"EDUCATION standards have barely improved despite the massive injection of funds from Labour, a new independent study has found.

"Peter Tymms, professor of education at Durham University and one of the authors said: “I was absolutely staggered when I saw the figures. They beggar belief for the tiny little impact they have had.” The conclusions undermine Labour’s election claims to have brought about major improvements in schools since coming to power. They will add to accusations that the government is wasting billions of pounds of taxpayers’ money.

“Hundreds of millions of pounds spread across hundreds of initiatives have been invested. One has to ask if the money could have been better spent.”

"The report, which expresses the personal views of Tymms, Robert Coe and Christine Merrell claims official figures “clearly exaggerate” the primary gains. Using independent tests, the authors estimate 58% of 11-year-old children achieved the level in English expected of their age group in 2004, not the 77% claimed by the government. In maths, 64% achieved grade 4 according to the independent tests, rather than the official 74%. Even by its own figures, the government’s primary school improvements are looking tarnished. In total, only two-thirds of 11-year-olds reached the required standards in both English and maths. The remaining one third, after six years’ primary schooling, cannot read, write and count properly."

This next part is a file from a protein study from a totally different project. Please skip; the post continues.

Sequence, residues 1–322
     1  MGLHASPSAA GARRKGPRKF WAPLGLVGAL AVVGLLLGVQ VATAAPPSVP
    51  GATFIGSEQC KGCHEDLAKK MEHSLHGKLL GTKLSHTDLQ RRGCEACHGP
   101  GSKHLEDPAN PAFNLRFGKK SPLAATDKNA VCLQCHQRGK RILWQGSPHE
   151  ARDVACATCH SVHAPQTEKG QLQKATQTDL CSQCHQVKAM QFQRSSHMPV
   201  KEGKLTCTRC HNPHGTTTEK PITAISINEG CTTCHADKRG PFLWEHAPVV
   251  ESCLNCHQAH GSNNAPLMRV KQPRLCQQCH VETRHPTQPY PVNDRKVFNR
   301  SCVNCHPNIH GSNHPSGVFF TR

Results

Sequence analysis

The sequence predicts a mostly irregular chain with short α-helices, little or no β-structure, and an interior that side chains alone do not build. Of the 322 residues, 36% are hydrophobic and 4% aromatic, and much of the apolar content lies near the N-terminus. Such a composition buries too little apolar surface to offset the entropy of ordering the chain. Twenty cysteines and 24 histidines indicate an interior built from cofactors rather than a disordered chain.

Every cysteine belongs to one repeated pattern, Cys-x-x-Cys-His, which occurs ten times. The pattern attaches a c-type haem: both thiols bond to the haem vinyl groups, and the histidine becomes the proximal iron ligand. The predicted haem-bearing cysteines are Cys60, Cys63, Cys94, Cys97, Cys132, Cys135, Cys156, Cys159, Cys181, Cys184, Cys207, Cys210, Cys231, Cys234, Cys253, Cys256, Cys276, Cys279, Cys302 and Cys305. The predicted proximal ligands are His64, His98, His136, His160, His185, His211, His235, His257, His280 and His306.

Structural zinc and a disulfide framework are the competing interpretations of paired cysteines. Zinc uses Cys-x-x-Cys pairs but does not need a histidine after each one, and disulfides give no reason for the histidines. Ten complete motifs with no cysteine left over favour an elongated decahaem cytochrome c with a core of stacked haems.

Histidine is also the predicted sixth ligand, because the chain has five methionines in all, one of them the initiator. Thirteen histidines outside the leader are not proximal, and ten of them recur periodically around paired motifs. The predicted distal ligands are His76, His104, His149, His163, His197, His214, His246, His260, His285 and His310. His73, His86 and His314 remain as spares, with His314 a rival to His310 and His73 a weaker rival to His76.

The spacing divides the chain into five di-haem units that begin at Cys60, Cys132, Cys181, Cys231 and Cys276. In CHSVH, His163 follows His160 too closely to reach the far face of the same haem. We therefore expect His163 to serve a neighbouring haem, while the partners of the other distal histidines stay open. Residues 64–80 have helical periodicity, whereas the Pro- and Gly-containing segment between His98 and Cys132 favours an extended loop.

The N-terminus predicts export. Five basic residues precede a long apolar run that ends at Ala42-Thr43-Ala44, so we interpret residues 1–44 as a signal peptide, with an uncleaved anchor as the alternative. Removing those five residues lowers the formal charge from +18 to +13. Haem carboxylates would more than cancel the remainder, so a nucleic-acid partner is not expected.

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So? So? SOOOOO?

1 comment:

Dion said...

Brilliant! I was already too hopping mad after just half the Sunday Times info to carry on with the rest, but it was worth the effort in your case.

Also explains why I've been so anxious about the leaves on the trees stopping my son's television from working.

You must send this off for publication.